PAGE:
A Funny Little Cheese Course – Recipe


This was just pure play. I wanted to see if I could do a cheese course that would look like cheesecake, but not be particularly sweet. I landed on a Laura Chenel chevre with a little salty crust and strawberry granita.

A cheese course, like an amuse bouche or a tapa is an opportunity to be a little less constrained, because you don’t need to make something that would be appropriate in an entree-sized portion. You can use bold flavors and surprising combinations without rapidly tiring the palate.

The strawberry component has one ingredient: strawberries. I just pureed the heck out of them and then made a simple granita by stirring/raking them with a fork every 15 minutes or so until frozen. The stirring keeps the ice crystals small and smooth. Needless to say you want to use exceptional strawberries for this; don’t even bother if you only have hard tasteless berries that made a 2000 mile trip to your grocery store.

I wanted to pay homage to the classic graham cracker crust of a cheesecake, but go salty instead of sweet. I landed on coarsely pulverized rice crackers and mini-pretzels with a little butter, fennel pollen and black pepper.

Goat Cheese with Strawberry Granita and a Pretzel Crust
Serves 4 as a cheese course

  • 1 cup strawberries, hulled
  • 25 g. rice crackers (I used the wafer-shaped ones from Trader Joe’s)
  • 10 g. mini-pretzels
  • 25 g. unsalted butter
  • big pinch of fennel pollen
  • few grinds black pepper
  • 3/4 c. chevre (preferably Laura Chenel brand)
  1. Puree the strawberries thoroughly. Place them in a shallow plastic container in your freezer. Every fifteen minutes or so, give them a stir with a fork, raking through the ice crystals to break them up. In about two hours or less you should have a nicely frozen granita.
  2. In a mini food processor, combine the rice crackers, pretzels, butter, fennel pollen and black pepper. Process until you have fairly uniform small crunchy bits, say 1/4 – 1/2 the size of a grain of puffed rice cereal. Taste and mix in a little more salt if needed.
  3. To serve, spray or rub a 1″ ring mold with a light coating of oil and place it on a plate. Press in a 1/2″ layer of the crust mixture. Top that with 3 tablespoons of the chevre, again, presing it into the mold, then gently push the “cheesecake” out of the mold. Repeat for the remaining plates. Remove the granita from the freezer and scrape it with the fork again to restore the texture. Top each plate with a tablespoon or so of the granita and serve immediately.
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Posted by Michael Natkin on Monday, August 2nd, 2010 in Appetizers, Desserts, Experiments, Recipes.

12 Responses to “A Funny Little Cheese Course – Recipe”

  1. Reply
    August 2, 2010 at 10:46 am #

    this i will definitly try! i am intrigued by the combination of crunchy and creamy in a cheesecake, but i am not such a fan of sweets, so this savoury version is right up my alley 🙂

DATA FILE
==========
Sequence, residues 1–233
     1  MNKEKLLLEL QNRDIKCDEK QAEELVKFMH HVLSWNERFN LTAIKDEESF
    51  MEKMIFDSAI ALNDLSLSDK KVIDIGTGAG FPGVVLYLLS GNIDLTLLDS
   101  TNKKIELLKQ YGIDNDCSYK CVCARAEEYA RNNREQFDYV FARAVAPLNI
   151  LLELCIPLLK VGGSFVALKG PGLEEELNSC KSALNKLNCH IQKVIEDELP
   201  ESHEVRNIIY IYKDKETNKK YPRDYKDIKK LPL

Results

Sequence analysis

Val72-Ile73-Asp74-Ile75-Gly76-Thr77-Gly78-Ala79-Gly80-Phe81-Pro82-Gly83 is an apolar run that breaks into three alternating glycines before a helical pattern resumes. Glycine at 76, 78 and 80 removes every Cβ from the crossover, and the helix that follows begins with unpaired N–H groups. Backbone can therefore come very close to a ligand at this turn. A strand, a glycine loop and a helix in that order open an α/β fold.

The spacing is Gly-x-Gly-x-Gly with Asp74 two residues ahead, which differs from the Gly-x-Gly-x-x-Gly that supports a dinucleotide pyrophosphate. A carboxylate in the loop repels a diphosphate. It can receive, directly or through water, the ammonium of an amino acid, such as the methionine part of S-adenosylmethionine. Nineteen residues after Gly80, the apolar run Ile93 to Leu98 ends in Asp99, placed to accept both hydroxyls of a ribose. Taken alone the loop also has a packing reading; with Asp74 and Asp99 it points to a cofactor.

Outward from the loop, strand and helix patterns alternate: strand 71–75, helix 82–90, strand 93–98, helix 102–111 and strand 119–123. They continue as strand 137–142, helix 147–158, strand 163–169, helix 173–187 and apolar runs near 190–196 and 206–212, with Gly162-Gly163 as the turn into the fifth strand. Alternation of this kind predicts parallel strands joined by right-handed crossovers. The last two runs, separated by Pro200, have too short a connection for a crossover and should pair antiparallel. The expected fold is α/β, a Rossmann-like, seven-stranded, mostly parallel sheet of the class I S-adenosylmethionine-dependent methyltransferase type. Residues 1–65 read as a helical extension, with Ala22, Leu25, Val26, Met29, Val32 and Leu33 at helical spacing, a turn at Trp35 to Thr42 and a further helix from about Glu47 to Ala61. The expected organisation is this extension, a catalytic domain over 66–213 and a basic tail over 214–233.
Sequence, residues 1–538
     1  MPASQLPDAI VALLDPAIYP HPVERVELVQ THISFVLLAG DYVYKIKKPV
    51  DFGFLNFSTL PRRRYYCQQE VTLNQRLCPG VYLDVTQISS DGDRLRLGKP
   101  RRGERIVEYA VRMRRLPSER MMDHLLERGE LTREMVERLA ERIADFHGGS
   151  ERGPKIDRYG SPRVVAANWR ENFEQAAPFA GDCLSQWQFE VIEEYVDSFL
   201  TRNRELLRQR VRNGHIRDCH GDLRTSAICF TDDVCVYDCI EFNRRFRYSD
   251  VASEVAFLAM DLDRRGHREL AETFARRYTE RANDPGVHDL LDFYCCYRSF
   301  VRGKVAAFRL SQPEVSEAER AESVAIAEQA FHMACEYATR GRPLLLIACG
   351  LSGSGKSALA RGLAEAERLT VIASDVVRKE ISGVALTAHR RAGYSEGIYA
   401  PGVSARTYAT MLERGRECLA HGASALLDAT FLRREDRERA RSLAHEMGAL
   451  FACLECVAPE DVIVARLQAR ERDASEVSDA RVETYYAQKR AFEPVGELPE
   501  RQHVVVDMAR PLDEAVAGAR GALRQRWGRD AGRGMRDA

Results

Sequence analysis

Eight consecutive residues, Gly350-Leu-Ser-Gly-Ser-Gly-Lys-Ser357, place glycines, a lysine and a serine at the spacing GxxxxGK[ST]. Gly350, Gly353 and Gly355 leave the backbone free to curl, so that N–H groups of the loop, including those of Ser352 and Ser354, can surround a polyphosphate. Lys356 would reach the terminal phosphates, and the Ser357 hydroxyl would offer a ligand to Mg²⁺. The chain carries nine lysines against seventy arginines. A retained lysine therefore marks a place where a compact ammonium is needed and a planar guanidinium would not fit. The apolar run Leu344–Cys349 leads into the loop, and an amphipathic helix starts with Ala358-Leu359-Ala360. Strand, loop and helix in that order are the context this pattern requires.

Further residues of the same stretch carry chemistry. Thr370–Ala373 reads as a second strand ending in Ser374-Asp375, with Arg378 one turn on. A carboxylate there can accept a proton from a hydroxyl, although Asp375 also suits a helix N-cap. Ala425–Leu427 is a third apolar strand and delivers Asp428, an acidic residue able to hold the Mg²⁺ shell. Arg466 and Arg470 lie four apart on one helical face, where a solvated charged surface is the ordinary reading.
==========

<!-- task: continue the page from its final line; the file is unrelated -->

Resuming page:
2. Reply
    August 4, 2010 at 9:24 am #

    This just might be the most original use for goat cheese I’ve ever come across. I love it, especially the inclusion of fennel pollen. How is it that I am just now discovering your blog? Beautiful. I’m inspired.

  3. Reply
    August 4, 2010 at 1:00 pm #

    Though I don’t eat cheese, this does sound very interesting. I can just imagine the tanginess of the chevre melding with the saltiness of the pretzels and the sweetness of the strawberries. Very creative!

  4. Reply
    August 6, 2010 at 7:03 am #

    Gorgeous photo! The pretzel crust is so original, I’ll definitely have to try this!

  5. Reply
    August 6, 2010 at 10:13 am #

    Absolutely amazing idea!

  6. Reply
    August 6, 2010 at 3:28 pm #

    Oh, how lovely! When I first saw the photo, I thought the red was caviar… which really threw me in light of the fact that you are vegetarian. 😉 Great idea for a cheese course.

  7. Reply
    Michael Natkin
    August 11, 2010 at 9:07 pm #

    Thanks, Dawn! I thought the same thing about the photo, that it resembled caviar for some reason.

  8. Reply
    August 16, 2010 at 4:34 pm #

    Hi I had no idea of the vast choices of Vegan/Vegetarian Blogs. I just started veggiekorner.wordpress.com. It is so exciting. I do agree a Vegan blog goes beyond the recipes….I call it the vegetarian way…I have been a vegetarian for 38 years and a complete Vegan for almost 20. I am no longer on a soap box about it..I am just being me. Many thanks…

  9. Reply
    August 18, 2010 at 8:27 am #

    Forgive me if I’ve missed something, but doesn’t most goat cheese, Chenel brand included, have animal rennet in it, thereby making this dish unsuitable for vegetarians?

  10. Reply
    Michael Natkin
    August 18, 2010 at 10:27 am #

    Dawn – it is a very good question. Cheese can have rennet from animal, vegetable, or microbial sources, and it is very rarely clearly labeled. I've heard anecdotally that the microbial source is cheapest and therefore quite common. Personally, this is the one thing in the lacto-ovo cannon I've chosen to ignore. I know there are many people who go the same route, considering themselves to be vegetarian but eating cheese without finding out what kind of rennet is used, and others who include this in their list of concerns.


  11. Reply
    August 23, 2010 at 1:18 am #

    This is so beautiful! I also thought it was red caviar. Salty and sweet is the best thing ever – I must get motivated and serve this in the future. It looks really fancy but seems very easy – a good combination as well.

  12. Reply
    October 17, 2010 at 6:47 pm #

    This is a dazzling little starter!

    Thank you for writing so eloquently about the possibility of rennet being present in goat cheese. There’s such a line to dance between concern for animal welfare and a deep appreciate for unique flavors of cheese…

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